Chapter Four

When the shot rang out, Worzel nearly filled his pants.

Worzel was doing my head in. He was a bludger, a thief and who knows what else. I avoided the fellow for a few days, half expecting him to turn up at my camp, but he didn’t. Then I started feeling a bit sorry for him, after all, he was living in the back of beyond with only himself for company (mind you, so was I!).On a slow possum day, I paid him a visit.

What I saw when I got to his camp was a bit of a shock, I hadn’t realised how squeamish I was. Might talk about it in another blog.

After sorting myself out, I endured another of Worzel’s cups of tea, and after the usual chit chat managed to get him back on the subject of Arty. I don’t know about you, but I was intrigued and wanted to know more. Worzel obliged and quickly had me spellbound as he continued his yarn (though, knowing Worzel, a grain or two of salt wouldn’t go amiss).

Arty

The thrill of the hunt had vanished, leaving Arty feeling like an orphan. He was gutted.

After his hunting trip to the Ruahine’s, he became very depressed. His family nearly had his firearms taken from him; that’s how worried they were.

For several weeks, all he did was work, drink, sleep it off, and head back to work again. After a while, he got bored with depression and hangovers and gave himself a bit of a hurry up.

He took up archery, and much to his families relief, Arty becoming his old cheerful self again. They were that pleased; they even endured his constant chatter about bows and arrows.

It was about six months before the novelty of archery wore off, and he was back to square one again. Arty had a unique problem; he was  such an excellent hunter he could probably hunt with a sharpened manuka stake and still get a deer.

He became depressed again, but having no real fondness for the bottle; he continued hunting with Worzel, even though he was only going through the motions.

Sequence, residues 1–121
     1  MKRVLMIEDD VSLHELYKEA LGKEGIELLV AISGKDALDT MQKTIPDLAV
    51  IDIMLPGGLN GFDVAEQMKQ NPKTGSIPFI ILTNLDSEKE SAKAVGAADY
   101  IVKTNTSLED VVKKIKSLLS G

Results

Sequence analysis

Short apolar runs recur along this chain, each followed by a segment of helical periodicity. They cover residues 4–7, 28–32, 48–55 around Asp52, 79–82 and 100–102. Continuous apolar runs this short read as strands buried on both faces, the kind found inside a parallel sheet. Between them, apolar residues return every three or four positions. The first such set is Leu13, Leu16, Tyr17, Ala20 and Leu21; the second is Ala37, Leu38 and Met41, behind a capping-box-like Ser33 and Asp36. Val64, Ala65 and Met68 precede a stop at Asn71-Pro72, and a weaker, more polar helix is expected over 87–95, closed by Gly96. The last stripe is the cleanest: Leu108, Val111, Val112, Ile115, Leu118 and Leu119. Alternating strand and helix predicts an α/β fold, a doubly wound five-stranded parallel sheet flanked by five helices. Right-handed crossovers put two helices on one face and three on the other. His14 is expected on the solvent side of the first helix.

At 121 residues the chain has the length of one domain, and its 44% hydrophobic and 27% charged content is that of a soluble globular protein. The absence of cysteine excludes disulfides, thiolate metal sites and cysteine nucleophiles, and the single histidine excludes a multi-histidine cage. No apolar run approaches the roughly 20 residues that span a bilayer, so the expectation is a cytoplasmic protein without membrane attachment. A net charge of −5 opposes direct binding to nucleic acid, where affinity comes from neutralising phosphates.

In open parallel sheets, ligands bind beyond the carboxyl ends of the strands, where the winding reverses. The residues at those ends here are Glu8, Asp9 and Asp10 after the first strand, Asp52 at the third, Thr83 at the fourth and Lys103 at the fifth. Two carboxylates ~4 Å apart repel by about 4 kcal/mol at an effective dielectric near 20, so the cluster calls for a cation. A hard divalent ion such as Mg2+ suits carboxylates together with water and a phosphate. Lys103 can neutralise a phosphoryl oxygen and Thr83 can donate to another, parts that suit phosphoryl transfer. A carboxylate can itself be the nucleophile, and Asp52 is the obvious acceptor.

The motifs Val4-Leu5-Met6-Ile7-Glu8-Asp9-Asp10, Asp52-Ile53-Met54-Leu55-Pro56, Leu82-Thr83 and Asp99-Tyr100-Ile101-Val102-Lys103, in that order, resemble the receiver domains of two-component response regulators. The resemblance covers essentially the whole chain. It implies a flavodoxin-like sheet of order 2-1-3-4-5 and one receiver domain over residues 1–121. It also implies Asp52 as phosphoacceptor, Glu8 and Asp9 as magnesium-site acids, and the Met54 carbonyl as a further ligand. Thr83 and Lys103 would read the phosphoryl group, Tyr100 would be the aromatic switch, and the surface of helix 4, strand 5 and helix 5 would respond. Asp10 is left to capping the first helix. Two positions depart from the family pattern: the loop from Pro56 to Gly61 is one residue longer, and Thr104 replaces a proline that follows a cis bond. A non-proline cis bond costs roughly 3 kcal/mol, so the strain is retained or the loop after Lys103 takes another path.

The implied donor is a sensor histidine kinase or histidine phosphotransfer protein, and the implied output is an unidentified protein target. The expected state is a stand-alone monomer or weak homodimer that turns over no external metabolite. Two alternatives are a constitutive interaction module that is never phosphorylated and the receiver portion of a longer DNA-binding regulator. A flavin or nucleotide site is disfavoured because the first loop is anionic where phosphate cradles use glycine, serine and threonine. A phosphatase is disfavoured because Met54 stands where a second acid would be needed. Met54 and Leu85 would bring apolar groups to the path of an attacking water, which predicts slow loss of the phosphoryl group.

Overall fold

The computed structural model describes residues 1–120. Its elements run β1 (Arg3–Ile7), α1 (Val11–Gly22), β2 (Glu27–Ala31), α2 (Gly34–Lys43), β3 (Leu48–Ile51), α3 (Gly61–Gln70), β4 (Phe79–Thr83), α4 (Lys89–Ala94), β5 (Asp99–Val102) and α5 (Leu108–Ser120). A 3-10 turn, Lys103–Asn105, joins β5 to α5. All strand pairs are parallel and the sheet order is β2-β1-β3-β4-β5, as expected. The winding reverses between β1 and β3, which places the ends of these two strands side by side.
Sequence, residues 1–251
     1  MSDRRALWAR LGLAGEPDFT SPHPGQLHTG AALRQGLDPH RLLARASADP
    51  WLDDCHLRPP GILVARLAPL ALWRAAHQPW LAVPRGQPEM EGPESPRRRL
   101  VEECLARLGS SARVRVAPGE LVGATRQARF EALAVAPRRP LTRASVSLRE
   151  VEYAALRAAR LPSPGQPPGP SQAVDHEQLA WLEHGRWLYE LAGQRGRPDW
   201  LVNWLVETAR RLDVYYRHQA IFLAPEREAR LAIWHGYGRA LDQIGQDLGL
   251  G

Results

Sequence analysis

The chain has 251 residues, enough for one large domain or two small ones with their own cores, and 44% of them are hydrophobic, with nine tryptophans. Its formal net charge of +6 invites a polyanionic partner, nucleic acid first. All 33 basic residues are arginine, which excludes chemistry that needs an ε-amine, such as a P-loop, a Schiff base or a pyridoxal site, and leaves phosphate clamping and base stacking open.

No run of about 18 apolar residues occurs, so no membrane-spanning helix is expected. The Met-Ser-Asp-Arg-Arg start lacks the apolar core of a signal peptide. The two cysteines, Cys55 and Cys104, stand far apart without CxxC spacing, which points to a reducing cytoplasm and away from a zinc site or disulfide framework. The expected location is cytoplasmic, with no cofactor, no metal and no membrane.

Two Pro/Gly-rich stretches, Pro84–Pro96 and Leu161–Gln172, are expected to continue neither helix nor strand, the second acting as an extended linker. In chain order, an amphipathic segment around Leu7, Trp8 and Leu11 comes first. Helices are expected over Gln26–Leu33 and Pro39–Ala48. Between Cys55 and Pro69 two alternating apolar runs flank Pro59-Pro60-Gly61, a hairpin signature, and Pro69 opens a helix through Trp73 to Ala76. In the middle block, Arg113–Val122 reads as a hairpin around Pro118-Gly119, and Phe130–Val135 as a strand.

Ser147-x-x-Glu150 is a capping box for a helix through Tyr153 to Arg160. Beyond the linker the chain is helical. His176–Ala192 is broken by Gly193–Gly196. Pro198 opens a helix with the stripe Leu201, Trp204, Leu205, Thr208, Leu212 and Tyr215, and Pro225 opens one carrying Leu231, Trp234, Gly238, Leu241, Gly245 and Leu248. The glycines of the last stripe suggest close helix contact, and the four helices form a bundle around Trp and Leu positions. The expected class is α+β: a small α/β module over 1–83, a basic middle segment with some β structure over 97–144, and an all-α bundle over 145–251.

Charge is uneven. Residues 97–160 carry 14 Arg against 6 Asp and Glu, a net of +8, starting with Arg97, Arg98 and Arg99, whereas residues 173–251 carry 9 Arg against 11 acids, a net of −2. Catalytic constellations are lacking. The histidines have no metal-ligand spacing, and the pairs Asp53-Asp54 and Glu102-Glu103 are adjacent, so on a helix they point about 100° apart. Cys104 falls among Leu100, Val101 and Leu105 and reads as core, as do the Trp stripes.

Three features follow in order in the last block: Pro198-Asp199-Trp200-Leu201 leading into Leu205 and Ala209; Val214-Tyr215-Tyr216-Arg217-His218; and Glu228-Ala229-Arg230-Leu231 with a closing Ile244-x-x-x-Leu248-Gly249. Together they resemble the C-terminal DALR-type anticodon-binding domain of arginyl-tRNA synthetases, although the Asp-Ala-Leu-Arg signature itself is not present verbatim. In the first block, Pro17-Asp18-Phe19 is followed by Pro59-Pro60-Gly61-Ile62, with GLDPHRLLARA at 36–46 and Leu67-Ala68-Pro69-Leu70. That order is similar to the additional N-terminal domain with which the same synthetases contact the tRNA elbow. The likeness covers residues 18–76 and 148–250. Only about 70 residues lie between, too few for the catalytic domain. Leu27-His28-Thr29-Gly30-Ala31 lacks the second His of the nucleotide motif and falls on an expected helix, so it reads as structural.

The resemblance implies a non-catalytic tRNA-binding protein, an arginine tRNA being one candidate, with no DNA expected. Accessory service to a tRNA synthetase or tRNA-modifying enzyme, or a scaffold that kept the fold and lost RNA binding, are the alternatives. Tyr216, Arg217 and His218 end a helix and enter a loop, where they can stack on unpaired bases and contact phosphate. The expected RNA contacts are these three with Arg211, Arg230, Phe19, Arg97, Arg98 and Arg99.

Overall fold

Worzel and honesty are not on the best terms, and it was this flaw in his character that led to Arty’s addiction to poaching. It happened like this.

They were out doing a bit of spotlighting on a large sheep station an hour or so east of Masterton. It was a windy, moonless night; Worzel on the spotlight, and Arty the shooter. As far as Arty was concerned, they had the owner’s permission to be on the property, and everything was kosher. They’d shot two deer; he was bored and ready to call it a night.

It was Arty who spotted the head lights.

“Looks like the cocky’s coming up to say hello.”

“Wot!” squawked Worzel, dropping the spotlight”

The panic in his voice told Arty all he needed to know.

“You lying mongrel, you said we had permission!”

“No, I didn’t.”

For once, Worzel was telling the truth; he hadn’t said anything. Arty had just assumed they had it.

There was only one thing for it. Arty chucked his rifle on the back seat and floored it. They were on a greasy clay track, and  nearly came to grief couple of times as he tried to shake the irate cocky off.

The farmer was steadily gaining on them; Worzel was getting frantic.

“Can’t you make this heap go any faster? he’s almost up our tailpipe!”.

When the shot rang out, Worzel nearly filled his pants.

“Stop, they’re going to kill us.”

Arty was grinning like a Cheshire cat; the excitement was an old friend come home.

The next several minutes were a blur. Worzel thought he was about to meet his maker and was desperately inventing excuses for his less than virtuous life.

Arty, however, was having the time of his life, and when they finally escaped onto the main road, he felt a tad disappointed.

And that, as they say, was the beginning of the end for Arty.

But more on that in the next blog.

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